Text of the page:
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The all-star lineup on Drum Suite gives the album high marks before one note of music is played. It's a piece of history. Released in 1957, the album merged Art Blakey's Jazz Messengers with several other musical forces that proved fruitful, rhythmically and otherwise.
With this reissue come several bonus tracks that had appeared on Originally in 1981, one alternate take, and a full version of "The Sacrifice" that wasn't previously issued. The original liner notes from Drum Suite are included, as well as updated notes by Kenny Washington and a booklet with fourteen photos of the artists.
As a leader, Blakey gave the world soulful hard bop jazz to remember. "Nica's Tempo," for example, begins with his drum solo and transitions into a beautiful up-tempo drive that remains propelled by sparks of "electricity." There was always a vibrant force behind his projects.
"D's Dilemma" feature's Blakey's cascading snare drum pitches, and he applies pressure to the head accordingly. Donald Byrd and Ira Sullivan give "L'il" a light, driving force that showcases Blakey's use of varied textures in order to communicate his ideas. Their cohesive interplay results in a supple hard bop interpretation that overflows with excitement. Both takes of "The New Message" flow with soulful impressions and a light, rhythmic zeal. Blakey's positive outlook always shone through, as he led by example and brought out the best in everyone who served in his army of jazz volunteers.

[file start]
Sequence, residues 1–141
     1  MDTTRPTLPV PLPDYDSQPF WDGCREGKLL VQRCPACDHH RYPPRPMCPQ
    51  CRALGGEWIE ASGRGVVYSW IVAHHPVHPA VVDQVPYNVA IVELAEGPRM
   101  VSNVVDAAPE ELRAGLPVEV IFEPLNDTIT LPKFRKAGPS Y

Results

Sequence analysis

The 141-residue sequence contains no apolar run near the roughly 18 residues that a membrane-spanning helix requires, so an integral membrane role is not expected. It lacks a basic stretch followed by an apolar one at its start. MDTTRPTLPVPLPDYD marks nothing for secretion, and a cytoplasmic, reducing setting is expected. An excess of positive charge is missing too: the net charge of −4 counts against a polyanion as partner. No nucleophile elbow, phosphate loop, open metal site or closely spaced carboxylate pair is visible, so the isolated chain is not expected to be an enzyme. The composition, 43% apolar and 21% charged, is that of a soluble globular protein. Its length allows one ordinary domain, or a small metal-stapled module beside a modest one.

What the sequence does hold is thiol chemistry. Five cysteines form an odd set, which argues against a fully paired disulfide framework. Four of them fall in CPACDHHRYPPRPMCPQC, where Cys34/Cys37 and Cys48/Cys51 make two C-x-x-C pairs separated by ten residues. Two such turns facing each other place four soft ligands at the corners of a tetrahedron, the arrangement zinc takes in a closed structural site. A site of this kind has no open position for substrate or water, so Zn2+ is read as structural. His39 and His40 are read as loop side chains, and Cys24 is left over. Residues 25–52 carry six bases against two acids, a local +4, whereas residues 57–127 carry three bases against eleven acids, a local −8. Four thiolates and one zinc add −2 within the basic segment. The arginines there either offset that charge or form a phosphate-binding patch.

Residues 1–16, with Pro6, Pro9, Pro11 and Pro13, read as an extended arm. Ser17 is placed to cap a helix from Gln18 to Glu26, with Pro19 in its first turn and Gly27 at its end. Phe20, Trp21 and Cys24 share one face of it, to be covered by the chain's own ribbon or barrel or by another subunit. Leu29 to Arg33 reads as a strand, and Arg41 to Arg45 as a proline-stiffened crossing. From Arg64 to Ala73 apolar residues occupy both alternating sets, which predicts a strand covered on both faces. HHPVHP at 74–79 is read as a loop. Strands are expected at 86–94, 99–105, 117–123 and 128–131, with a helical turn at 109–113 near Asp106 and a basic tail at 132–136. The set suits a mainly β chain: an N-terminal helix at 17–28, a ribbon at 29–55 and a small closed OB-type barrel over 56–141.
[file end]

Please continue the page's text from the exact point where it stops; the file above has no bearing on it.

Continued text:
Track Listing: The Sacrifice; Cubano Chant; Oscalypso; Nica's Tempo; D's Dilemma; Just for Marty; L'il; The New Message.
Personnel: Art Blakey, Jo Jones: drums; Specs Wright: drums, tympani, gong, vocals; Sabu Martinez: bongos, congas, percussion, vocals; Candido Camero: congas, percussion, vocals, bass on "Oscalypso;" Ray Bryant, Sam Dockery, Kenny Drew: piano; Wilbur Ware, Oscar Pettiford, Spanky DeBrest: bass; Donald Byrd, Bill Hardman: trumpet; Jackie McLean: alto saxophone; Ira Sullivan: tenor saxophone.
I love jazz because anything is possible; it has few rules and the best jazz breaks those ones. I prefer free improv because it doesn't really have any rules at all.
I was first exposed to jazz in my teens (in the late sixties).
The first jazz record I bought was Filles de Kilimanjaro by Miles Davis, shortly followed by Extrapolation by John McLaughlin.
My advice to new listeners is to listen as widely as possible and not to make snap judgments--stick with it.